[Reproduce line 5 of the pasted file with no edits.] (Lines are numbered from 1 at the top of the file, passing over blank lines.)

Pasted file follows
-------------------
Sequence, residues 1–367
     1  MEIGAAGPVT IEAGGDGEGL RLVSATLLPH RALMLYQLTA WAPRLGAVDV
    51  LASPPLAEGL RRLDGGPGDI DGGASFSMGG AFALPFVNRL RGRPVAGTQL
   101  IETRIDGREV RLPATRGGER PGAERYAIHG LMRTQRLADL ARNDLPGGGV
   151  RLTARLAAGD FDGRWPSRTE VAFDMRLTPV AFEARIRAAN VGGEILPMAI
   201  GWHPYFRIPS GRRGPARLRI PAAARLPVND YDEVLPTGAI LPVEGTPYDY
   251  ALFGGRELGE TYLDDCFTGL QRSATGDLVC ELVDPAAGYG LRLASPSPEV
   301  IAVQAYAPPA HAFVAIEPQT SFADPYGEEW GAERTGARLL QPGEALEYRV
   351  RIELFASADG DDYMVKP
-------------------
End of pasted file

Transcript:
   151  RLTARLAAGD FDGRWPSRTE VAFDMRLTPV AFEARIRAAN VGGEILPMAI